fixing our eyes on Jesus, the author and perfecter of faith, who for the joy set before Him endured the cross, despising the shame, and has sat down at the right hand of the throne of God. – Hebrews 12:2

But check it outJoy is the effect, not the cause.

The stated cause? He loved righteousness and hated iniquity.

I want to say that it’s easy to love righteousness. Who doesn’t love righteousness? Well–on Sunday morning in church it’s pretty easy, but what about on Monday night–watching the game when the booze and vulgarity start flowing. Or on Tuesday morning around the water cooler–ok–Keurig machine, when the gossip starts swirling around the room. How easy is it to love righteousness then?

Maybe it’s late at night when no one is watching, or on that business trip, or in the college dorm, when you’re away from your support net.

“Blessed are those who hunger and thirst for righteousness, for they shall be satisfied. – Matthew 5:6

Does your hunger last you through the week? Or are you only hungry for righteousness on Sunday morning? (I know, I’m meddling.)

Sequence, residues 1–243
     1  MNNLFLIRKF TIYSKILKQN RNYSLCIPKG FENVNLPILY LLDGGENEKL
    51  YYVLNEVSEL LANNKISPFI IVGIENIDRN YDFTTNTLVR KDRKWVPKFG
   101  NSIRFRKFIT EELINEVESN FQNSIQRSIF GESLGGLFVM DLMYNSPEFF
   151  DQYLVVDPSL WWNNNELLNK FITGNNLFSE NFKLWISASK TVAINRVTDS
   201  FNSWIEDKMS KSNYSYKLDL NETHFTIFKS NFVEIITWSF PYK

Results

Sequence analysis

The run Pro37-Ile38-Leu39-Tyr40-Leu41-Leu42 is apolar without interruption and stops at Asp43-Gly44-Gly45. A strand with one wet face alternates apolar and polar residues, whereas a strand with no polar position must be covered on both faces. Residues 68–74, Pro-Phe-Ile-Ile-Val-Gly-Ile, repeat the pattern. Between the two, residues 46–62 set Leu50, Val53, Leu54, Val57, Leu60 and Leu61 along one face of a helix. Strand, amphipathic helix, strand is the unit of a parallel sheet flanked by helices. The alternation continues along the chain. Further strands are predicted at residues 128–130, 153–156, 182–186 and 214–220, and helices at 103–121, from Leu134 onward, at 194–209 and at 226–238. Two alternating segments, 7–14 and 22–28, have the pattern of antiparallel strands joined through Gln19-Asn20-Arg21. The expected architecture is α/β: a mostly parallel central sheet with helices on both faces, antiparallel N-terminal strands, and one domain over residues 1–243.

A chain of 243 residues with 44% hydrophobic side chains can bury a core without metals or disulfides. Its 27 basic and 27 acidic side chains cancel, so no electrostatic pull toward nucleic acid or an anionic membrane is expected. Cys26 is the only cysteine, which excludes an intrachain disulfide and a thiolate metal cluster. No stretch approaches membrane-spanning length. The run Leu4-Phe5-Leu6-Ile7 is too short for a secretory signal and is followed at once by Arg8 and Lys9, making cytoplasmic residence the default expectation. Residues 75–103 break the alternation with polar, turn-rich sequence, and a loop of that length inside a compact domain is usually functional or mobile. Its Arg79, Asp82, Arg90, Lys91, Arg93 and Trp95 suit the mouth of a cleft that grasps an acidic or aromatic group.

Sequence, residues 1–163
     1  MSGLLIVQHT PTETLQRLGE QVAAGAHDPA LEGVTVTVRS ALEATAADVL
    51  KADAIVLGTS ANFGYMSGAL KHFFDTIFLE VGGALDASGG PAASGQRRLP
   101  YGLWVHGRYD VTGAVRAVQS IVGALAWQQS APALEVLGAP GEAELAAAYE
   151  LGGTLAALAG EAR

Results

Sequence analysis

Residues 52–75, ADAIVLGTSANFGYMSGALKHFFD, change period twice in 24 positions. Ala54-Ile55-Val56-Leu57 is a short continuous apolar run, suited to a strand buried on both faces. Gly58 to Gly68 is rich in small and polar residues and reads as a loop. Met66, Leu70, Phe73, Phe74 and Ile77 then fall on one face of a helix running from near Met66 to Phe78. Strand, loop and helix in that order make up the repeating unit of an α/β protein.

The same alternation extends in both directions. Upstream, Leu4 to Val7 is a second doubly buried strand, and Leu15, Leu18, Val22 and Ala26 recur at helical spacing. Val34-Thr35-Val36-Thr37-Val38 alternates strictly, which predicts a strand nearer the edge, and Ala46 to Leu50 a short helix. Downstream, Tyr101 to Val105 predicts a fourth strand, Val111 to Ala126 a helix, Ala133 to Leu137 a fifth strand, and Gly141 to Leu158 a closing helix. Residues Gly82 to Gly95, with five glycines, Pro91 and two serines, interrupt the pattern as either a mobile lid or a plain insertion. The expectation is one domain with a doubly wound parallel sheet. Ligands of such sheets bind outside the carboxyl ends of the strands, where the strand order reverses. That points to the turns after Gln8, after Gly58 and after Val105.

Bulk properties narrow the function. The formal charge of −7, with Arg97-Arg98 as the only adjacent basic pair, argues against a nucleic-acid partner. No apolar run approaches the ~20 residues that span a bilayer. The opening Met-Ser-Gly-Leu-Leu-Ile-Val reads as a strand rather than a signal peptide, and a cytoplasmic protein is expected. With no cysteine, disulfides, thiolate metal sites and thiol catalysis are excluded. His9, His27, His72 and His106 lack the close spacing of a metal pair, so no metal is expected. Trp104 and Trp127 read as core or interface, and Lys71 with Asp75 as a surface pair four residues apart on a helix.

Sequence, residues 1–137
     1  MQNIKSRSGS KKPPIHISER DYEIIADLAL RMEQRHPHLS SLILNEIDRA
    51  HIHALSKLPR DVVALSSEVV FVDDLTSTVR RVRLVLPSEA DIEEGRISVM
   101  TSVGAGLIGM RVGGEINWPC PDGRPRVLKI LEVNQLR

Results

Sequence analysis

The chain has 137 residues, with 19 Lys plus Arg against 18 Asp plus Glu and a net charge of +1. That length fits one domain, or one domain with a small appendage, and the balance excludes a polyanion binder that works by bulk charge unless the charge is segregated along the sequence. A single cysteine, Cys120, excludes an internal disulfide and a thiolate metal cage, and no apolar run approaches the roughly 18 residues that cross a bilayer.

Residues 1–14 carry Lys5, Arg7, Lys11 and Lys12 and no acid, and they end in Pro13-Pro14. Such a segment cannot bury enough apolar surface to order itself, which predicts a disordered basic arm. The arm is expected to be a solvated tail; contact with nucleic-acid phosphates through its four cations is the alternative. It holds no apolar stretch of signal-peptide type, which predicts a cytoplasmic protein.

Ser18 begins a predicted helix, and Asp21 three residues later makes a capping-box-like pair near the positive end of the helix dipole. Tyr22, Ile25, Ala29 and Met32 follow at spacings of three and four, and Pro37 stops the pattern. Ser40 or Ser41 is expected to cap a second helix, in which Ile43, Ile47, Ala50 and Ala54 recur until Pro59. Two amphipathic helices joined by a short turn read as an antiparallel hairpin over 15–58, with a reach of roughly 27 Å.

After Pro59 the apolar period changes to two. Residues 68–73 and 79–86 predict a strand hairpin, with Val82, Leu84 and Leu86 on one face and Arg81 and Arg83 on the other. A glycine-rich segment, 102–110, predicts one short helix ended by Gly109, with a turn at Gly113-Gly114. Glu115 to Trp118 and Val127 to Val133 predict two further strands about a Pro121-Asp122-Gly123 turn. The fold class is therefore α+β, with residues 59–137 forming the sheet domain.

But there’s more to this cause clause, He hated iniquity.

I hear people say love the sinner, hate the sin. But I’ve seen how this movie plays out. The sinner feels like the one hated because we are way more brutal toward the sins of others than we are loving toward the sinner himself.

As far as the sins of others are concerned (ok–brace yourself–this is going to rock your theology) your job is to let them know God is not angry with them.

WHAT!!! I thought you said, “hate sin.” Now your coddling it!


2 Corinthians 5 teaches us, first that we are new creatures in Christ, but then it goes on to talk about God’s attitude toward the sins of those outside the faith.

Now all these things are from God, who reconciled us to Himself through Christ and gave us the ministry of reconciliation, namely, that God was in Christ reconciling the world to Himself, not counting their trespasses against them, and He has committed to us the word of reconciliation. – 2 Corinthians 5:18-19